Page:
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China Memes & Viral

Weibo Watch: Get Up, Stand Up

This week, Chinese netizens discussed subway seat confrontations, a shocking public stabbing, and Hu Youping’s heroism. Also: more trending topics, from hallucinogenic mushrooms to traveling pandas and reactions to the Biden vs. Trump debate.

Manya Koetse




This week’s newsletter:

◼︎ 1. Editor’s Note – Get up, stand up
◼︎ 2. What’s New and Noteworthy – A closer look at the featured stories
◼︎ 3. What’s Trending – Hot highlights
◼︎ 4. What’s Remarkable – Seeing little people
◼︎ 6. What’s PopularWild Child: missing in action
◼︎ 7. What’s Memorable – Bystander effect
◼︎ 8. Weibo Word of the Week – “City bu City”


Dear Reader,


Over the past few weeks, there has been a lot of discussion on Chinese social media about young people refusing to give up their seats for older people on the subway, sometimes leading to explosive situations.

On June 16, security was called when a young man on a Shenyang subway crumbled after an old man demanded that he’d give up his seat for him. In a video of the incident, which soon went viral, the young man can be heard screaming: “Are you giving me money? No? Then don’t bother me! I’m just happy to be sitting here. What’s wrong with me grabbing a seat?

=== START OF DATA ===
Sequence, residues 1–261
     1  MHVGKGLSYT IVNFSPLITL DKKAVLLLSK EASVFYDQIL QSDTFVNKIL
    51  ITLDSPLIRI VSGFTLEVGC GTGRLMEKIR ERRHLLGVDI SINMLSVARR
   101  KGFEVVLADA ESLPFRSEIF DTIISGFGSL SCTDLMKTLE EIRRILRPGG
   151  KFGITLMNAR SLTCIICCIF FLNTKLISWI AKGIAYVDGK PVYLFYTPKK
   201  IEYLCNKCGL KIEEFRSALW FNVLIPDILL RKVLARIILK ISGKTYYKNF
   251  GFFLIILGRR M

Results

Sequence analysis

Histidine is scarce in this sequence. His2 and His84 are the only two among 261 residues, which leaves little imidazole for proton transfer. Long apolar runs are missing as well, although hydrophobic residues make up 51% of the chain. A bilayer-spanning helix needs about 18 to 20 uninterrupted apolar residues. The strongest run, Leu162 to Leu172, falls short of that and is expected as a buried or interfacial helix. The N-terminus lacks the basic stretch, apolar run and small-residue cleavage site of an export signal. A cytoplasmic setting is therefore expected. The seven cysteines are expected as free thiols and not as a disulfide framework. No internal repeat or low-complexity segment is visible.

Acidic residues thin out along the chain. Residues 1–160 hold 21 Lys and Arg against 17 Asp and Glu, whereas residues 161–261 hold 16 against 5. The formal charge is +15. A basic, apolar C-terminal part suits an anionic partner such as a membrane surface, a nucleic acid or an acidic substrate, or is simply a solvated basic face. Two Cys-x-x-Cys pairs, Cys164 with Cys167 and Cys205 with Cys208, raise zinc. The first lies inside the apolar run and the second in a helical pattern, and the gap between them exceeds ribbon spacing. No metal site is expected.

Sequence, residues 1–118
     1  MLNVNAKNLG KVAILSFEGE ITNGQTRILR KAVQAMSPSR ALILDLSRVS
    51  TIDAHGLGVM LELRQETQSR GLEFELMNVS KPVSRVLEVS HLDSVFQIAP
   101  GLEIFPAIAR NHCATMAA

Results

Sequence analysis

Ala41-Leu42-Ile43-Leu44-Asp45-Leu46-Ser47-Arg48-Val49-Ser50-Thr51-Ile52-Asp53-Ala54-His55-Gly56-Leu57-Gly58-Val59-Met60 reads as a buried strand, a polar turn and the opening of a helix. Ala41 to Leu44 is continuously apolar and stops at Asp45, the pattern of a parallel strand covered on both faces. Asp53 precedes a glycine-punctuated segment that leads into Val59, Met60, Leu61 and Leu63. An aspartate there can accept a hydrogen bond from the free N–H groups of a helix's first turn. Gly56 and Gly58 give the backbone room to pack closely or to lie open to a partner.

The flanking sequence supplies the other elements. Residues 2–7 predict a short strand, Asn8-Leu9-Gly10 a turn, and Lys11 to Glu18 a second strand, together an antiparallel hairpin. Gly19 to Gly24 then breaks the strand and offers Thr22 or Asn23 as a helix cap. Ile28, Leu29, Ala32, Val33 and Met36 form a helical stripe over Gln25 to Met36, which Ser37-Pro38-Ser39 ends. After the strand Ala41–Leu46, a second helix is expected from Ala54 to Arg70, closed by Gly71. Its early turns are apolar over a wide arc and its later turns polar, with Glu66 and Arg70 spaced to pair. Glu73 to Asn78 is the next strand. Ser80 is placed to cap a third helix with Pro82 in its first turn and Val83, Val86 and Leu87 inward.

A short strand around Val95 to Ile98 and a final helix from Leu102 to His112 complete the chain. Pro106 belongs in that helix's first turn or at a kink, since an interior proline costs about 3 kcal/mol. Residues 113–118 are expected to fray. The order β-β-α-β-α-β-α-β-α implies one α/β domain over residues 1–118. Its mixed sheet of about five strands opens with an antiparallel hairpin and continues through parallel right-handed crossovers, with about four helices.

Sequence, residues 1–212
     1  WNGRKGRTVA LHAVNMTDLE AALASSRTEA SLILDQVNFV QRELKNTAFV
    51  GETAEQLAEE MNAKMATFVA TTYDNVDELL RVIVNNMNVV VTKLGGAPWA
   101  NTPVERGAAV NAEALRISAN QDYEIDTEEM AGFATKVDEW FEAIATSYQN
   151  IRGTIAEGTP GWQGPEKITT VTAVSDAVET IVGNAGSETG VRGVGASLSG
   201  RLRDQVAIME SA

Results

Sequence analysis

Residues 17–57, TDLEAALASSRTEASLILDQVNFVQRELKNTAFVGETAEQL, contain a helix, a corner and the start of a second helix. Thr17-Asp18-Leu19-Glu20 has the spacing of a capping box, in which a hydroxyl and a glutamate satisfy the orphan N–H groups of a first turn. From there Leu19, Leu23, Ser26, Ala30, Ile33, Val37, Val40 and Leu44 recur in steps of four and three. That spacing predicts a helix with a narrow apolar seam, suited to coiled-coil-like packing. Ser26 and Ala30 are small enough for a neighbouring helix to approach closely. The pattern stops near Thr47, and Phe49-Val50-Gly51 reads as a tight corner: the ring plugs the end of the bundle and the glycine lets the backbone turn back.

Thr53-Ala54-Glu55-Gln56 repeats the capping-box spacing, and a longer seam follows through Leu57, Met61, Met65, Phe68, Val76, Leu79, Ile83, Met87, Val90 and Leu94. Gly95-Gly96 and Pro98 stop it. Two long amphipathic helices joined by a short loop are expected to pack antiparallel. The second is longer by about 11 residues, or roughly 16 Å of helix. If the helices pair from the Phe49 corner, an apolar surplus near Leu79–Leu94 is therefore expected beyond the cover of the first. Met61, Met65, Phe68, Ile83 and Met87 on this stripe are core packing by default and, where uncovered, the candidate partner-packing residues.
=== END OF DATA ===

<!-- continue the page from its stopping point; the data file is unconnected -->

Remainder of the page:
Another subway incident went trending a week later. On June 24, a 65-year-old man started harassing a young woman on Beijing Subway Line 10 after she refused to give up his seat to him. The man became aggressive, started slapping the woman and put his cane in between her legs, trying to force her to stand up. The incident, which was filmed by other passengers, caused outrage on social media and the man was later detained by Beijing police.

A day later, in Wuhan, an elderly man and a young woman also got into an altercation that was caught on camera. After female passenger took the only available seat during morning rush hour on Line 2, the man reminded her that she should give up her seat out of respect for the elderly. “Why should I?” she asked: “I don’t owe you anything. I work overtime until 12:00 at night every day, and now you expect me to give up my seat during the morning rush hour?”

These incidents have sparked discussions about how people feel about these situations. In China, where respect for the elderly is deeply ingrained in the culture, should you give up your seat to the elderly on public transport because it is your duty, or is it just a personal choice? In an online poll held by Sina News, over 93% of respondents said they felt it was not their duty to give up their seat but a personal choice—a matter of courtesy.

“As long as you’re not sitting in a priority seat, you don’t have to give up your seat,” a top comment said. “It’s not easy being working class.” Many people echoed this sentiment, siding with the younger people who are facing their own tough struggles in China today. “I’d advise the elderly not to crowd public transport during the morning and evening rush hour,” another popular comment said, receiving thousands of likes.